Tuesday, October 6, 2009

a privilege

Notes on my scheduling endeavor:

There is some disagreement among child-development experts as to whether or not schedules are good for kids. Generally, they aren't thought to be beneficial for the preschool set, since young children learn best through spontaneous (or facilitated) play.  Ideally, a parent or teacher sets out age-appropriate materials for the preschooler to manipulate, which leads to discovery learning.  Routines are more appropriate than schedules for this age group.

I model my homeschooling/home management schedules after the Manager's of Their Homes book, by Steve and Terri Maxwell. A few FlyLady tips and routines are incorporated too.  I write it all out in half-hour increments, mostly so that I can adequately address all of my goals. The entire endeavor starts in prayer, and then in listing goals for individuals and for the family.  Larger families need this especially.

For example, If I don't create a time slot for reading to my baby and for reciting nursery rhymes to her, these things easily get crowded out by chores.  The consequences of leaving these things out are that down the road, she won't have the bond with me that she needs, and she won't have an easy time learning to read.

Starting each homeschool segment in prayer is also very important to me, and if I don't make room for this,  it too, would get crowded out.

The children don't look at the schedule and feel confined by it.  I look at it frequently at first, as it helps me fall into a routine; once that happens, I can take it down.

Incidentally, there hasn't been a single day in which I was able to do all the things on the schedule.  And that doesn't bother me.  I see it more as a prayful list of my priorities.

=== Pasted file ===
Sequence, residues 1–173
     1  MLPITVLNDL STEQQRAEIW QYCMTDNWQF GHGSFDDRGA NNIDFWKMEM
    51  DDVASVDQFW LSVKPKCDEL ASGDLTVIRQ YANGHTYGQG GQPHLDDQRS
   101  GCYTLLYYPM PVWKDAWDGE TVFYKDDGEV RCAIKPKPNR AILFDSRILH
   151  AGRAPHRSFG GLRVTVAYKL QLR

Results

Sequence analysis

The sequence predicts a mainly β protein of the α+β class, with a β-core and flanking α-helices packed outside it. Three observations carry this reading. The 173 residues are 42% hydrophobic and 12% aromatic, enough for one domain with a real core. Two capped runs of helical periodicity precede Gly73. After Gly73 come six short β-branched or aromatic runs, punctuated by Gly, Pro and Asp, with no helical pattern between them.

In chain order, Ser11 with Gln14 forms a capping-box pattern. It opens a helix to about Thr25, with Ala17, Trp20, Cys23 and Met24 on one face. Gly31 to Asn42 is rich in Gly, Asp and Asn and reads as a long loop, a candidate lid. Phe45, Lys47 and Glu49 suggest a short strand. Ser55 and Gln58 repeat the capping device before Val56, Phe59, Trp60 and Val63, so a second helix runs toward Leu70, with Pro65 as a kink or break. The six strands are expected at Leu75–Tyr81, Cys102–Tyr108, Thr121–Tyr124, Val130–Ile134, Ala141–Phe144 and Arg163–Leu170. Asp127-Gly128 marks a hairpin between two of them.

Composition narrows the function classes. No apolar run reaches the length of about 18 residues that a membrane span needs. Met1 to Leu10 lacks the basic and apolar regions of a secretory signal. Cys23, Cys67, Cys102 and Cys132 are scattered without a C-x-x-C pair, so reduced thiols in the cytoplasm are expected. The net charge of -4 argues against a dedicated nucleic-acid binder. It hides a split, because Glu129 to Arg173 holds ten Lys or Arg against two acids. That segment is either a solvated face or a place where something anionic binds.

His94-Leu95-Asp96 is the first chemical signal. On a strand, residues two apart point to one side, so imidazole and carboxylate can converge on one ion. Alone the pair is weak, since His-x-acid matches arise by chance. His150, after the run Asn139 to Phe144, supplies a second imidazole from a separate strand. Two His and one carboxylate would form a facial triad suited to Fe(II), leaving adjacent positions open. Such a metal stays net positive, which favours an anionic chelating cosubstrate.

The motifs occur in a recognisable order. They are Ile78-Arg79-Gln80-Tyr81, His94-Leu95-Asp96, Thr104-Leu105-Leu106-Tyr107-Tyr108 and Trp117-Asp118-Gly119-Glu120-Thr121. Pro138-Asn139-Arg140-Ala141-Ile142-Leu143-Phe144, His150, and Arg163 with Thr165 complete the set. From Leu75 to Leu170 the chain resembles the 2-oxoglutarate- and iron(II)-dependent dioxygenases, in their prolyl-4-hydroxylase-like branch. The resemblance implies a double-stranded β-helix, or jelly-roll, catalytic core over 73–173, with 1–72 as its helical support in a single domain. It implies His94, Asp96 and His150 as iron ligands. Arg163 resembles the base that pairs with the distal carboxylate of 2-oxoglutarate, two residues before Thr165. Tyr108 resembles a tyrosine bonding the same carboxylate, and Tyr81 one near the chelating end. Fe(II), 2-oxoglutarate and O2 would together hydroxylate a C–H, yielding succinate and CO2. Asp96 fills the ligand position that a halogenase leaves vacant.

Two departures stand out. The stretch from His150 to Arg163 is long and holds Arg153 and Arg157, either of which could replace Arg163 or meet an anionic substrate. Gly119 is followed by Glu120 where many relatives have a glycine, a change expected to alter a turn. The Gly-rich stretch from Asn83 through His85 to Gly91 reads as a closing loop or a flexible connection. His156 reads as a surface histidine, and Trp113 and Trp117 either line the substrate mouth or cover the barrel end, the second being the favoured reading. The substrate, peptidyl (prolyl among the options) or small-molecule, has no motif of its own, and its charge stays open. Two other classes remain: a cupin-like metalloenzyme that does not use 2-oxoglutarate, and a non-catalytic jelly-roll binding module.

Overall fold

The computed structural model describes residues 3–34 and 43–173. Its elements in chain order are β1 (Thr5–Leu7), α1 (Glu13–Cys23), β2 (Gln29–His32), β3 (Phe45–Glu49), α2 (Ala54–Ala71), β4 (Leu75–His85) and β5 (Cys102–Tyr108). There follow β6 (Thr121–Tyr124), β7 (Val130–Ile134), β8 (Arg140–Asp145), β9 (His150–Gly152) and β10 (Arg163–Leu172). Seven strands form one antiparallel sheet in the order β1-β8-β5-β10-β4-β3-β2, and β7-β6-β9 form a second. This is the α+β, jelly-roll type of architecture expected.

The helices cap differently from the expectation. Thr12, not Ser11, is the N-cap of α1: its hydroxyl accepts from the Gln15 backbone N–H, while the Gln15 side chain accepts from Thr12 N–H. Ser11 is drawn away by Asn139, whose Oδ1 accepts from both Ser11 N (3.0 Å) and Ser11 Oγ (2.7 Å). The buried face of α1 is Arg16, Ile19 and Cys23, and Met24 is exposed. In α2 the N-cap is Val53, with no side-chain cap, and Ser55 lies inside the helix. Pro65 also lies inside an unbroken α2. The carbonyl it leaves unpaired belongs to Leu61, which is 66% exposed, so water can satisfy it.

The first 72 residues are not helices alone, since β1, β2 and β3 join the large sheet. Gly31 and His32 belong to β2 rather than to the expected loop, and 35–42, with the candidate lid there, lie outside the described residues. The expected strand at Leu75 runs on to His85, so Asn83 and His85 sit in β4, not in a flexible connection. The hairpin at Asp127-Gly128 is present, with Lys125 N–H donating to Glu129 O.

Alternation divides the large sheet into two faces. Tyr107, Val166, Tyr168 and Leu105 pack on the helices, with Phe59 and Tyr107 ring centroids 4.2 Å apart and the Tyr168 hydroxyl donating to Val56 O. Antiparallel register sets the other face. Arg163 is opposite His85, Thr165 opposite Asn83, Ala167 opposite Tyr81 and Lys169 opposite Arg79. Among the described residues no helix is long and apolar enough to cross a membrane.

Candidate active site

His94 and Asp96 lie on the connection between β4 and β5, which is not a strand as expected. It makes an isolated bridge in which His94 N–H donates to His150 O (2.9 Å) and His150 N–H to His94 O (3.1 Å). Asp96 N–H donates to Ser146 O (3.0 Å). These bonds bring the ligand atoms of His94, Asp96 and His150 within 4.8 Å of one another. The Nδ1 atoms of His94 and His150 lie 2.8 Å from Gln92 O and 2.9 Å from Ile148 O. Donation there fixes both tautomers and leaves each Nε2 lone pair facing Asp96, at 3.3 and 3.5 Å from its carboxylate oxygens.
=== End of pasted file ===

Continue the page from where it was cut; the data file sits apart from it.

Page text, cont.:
Last evening because of Anna's teething, presumably, she awoke every half-hour after being put down at 8:00 pm.  I had to keep nursing or cuddling her back to sleep.  Tylenol would have helped, but now they say too much Tylenol in baby's first year puts them at risk for asthma.  The pediatrician used to give me a sample of Tylenol after every well-baby visit that included shots.  Now he doesn't, due to the new research.   I've been trying not to resort to Tylenol unless she can't fall asleep at all, or unless she can't nurse at all.

Anyhow, by the third wake-up, I had only blogged for a half hour, shuffled laundry once, and straightened up the playroom. The interruptions meant that I had to give up and go to bed with her before any sweeping got done, or before I could disinfect the counters or pick up all her toys.  Certainly, it was frustrating to wake up to crumbs and Cheerios and toys on the floors.  If I let myself, I could even cry about how frustrating teething is!

However, each time I cuddled or nursed her back to sleep, I also got to study her sweet face, with its delicate features and incredibly soft skin.  My heart jumped for joy as I saw her little mouth continuing the sucking motions, after she released the breast.  All was a reminder that loving and comforting a baby is a privilege--each and every time.

The things on my schedule will wait; they will always be there.  Nursing and cuddling her will pass away-- sooner than I can bare.